As community-spread of the novel coronavirus is increasingly recognized, many health care providers all over the country will be encountering patients, in all care settings, who may be infected. While many encounters may occur with the appropriate personal protective equipment (PPE) donned, as cases increase there will increasingly be situations in which health care providers may be exposed without full PPE.
Currently, these unprotected encounters are being managed by having health care providers be quarantined for the 14-day incubation period of the virus. If this policy continues it will be disastrous and further cripple what will already be an over-extended health care system coping with a surge of patients. This approach is not sustainable.
Public health officials will continue to find cases as they ramp up testing and additional transmission will occur in communities. It is likely that we will soon reach a point where most health care providers encounter known COVID-19 cases. Some fraction of these encounters may occur without the full use of PPE. We cannot establish a precedent that requires health care workers with no signs of infection to stay out of work, lest we find ourselves without enough staff to treat infected people.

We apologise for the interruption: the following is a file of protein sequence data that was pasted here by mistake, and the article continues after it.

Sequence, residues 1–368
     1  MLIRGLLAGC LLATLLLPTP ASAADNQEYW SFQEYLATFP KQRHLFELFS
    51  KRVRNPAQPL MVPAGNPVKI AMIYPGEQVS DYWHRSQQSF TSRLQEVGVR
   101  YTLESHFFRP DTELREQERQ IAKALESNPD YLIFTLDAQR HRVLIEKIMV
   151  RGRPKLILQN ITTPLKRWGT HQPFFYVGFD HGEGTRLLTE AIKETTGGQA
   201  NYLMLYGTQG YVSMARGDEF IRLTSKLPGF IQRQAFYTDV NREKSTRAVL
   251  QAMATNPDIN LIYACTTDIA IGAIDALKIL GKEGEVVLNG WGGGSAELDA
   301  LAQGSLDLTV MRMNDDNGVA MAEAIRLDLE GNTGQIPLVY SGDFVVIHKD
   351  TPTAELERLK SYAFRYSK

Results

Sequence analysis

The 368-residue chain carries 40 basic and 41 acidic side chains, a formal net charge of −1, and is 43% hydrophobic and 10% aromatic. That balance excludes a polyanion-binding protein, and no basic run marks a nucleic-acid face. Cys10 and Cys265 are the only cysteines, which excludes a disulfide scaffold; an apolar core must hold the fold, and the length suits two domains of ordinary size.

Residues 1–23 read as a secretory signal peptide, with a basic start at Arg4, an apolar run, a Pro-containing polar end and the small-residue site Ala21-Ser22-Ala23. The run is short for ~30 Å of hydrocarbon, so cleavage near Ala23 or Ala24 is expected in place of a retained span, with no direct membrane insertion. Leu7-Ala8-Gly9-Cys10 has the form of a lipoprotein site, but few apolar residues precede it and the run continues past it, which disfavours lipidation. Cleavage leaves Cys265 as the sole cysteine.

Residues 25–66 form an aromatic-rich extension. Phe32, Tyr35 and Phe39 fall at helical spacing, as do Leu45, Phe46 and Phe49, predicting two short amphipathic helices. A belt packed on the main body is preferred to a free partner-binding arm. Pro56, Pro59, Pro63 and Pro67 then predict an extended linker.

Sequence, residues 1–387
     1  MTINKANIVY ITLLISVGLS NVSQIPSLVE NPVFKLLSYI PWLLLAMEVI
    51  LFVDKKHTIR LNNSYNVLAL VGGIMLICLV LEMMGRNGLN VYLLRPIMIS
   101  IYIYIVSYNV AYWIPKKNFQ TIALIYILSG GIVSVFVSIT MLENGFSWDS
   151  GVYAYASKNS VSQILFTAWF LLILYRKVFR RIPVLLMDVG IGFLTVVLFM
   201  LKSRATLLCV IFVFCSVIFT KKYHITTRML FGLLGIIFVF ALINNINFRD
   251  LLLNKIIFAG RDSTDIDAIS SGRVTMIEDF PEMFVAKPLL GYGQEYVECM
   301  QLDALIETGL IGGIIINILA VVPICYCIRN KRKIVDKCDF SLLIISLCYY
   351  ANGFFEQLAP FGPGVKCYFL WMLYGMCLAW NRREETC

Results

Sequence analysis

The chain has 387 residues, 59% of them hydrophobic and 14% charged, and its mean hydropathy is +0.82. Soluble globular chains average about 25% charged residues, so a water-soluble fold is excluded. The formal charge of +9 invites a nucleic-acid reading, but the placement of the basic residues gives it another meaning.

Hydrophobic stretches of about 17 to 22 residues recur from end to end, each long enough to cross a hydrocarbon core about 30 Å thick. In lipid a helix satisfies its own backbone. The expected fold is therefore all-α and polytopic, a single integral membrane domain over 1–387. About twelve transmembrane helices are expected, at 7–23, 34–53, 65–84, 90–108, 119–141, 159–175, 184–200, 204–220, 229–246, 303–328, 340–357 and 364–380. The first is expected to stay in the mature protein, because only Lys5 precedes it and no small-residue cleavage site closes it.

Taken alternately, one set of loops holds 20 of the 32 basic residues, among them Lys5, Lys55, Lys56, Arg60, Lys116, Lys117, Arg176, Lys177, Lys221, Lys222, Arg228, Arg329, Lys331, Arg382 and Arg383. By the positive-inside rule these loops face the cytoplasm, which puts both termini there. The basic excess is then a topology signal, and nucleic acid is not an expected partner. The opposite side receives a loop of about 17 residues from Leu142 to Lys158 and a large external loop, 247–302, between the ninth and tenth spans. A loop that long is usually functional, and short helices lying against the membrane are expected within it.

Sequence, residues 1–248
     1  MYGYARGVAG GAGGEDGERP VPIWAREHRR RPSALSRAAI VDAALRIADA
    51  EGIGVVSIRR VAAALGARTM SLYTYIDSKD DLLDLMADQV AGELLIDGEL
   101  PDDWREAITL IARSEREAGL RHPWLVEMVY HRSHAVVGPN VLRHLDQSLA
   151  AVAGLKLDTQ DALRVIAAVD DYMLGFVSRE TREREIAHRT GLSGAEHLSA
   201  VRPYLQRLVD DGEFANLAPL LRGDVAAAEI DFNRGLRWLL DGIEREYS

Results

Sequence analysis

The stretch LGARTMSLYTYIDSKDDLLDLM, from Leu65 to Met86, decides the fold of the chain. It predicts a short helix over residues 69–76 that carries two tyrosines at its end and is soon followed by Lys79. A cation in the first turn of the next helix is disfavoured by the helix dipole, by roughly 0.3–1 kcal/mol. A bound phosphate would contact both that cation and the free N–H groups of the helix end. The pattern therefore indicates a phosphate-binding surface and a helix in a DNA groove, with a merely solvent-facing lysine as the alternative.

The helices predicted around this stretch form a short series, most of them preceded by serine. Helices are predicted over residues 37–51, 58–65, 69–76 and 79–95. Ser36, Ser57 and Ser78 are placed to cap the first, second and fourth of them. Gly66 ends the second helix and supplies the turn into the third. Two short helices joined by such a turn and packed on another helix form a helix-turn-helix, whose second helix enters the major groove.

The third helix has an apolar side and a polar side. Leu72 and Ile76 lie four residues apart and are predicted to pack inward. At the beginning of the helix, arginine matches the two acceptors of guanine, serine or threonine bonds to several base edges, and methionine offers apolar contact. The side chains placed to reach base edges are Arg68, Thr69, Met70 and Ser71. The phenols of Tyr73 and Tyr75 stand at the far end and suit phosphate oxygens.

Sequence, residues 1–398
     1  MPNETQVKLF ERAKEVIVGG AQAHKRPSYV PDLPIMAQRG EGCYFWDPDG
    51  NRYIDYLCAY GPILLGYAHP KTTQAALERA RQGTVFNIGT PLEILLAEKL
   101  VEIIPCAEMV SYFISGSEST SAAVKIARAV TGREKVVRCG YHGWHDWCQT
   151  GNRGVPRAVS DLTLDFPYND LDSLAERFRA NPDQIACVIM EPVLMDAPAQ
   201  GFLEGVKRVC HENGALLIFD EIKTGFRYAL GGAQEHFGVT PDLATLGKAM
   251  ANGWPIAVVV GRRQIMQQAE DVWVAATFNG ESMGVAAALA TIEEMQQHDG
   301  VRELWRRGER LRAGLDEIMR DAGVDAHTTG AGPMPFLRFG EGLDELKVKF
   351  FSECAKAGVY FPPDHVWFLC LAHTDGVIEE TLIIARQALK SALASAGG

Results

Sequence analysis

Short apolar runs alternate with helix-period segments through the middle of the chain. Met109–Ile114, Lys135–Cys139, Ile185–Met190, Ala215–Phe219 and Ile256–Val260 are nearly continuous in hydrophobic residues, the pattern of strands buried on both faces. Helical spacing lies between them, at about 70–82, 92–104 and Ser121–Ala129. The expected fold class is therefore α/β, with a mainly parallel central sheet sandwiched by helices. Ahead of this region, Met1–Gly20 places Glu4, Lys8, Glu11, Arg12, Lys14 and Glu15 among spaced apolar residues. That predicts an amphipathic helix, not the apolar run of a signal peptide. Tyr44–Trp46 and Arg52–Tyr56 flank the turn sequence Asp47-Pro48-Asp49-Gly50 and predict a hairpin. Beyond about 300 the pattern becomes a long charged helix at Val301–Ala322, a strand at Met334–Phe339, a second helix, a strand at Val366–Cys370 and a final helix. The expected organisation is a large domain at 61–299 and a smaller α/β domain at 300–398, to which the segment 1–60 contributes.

It will be very challenging to respond to a surge of critically ill patients with existing numbers of doctors and nurses. While we must do the utmost to ensure that health care workers have the PPE they need to protect themselves while evaluating and treating patients, it is crucial that policies regarding health care providers are guided by sound science keeping in mind the full context of this pandemic.
Every day, health care providers are exposed to myriad infectious threats that range from influenza to RSV to MRSA to HIV without the donning of PPE. Most of these exposures do not result in disease transmission. High consequence exposures to HIV or tuberculosis result in an employee being monitored for the development of systems and tested if warranted. They are not quarantined.
The novel coronavirus has an incubation that averages about a week and extends up to two weeks. Contagiousness is a function of symptoms with a coughing or sneezing patient being more contagious than those with no or minimal symptoms.
Health systems should monitor health care workers for signs of infection, possibly have them wear a surgical mask with non-COVID-related patient encounters, and isolate them if they develop symptoms. This approach – which is consistent with what is done with other exposures – should be applied to the novel coronavirus.
But quarantining well health care workers from hospital settings sets a precedent that will ensure we don’t have enough health care workers to effectively and safely treat COVID19 patients.
Dr. Jennifer Nuzzo is a Senior Scholar at the Johns Hopkins Center for Health Security and an Associate Professor in the Department of Environmental Health and Engineering and the Department of Epidemiology at the Johns Hopkins Bloomberg School of Public Health.